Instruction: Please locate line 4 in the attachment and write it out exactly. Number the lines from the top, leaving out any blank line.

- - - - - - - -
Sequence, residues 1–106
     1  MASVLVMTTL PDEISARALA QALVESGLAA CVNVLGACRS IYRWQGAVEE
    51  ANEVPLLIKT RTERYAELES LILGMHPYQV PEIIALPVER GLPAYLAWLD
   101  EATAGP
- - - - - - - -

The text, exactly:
   101  EATAGP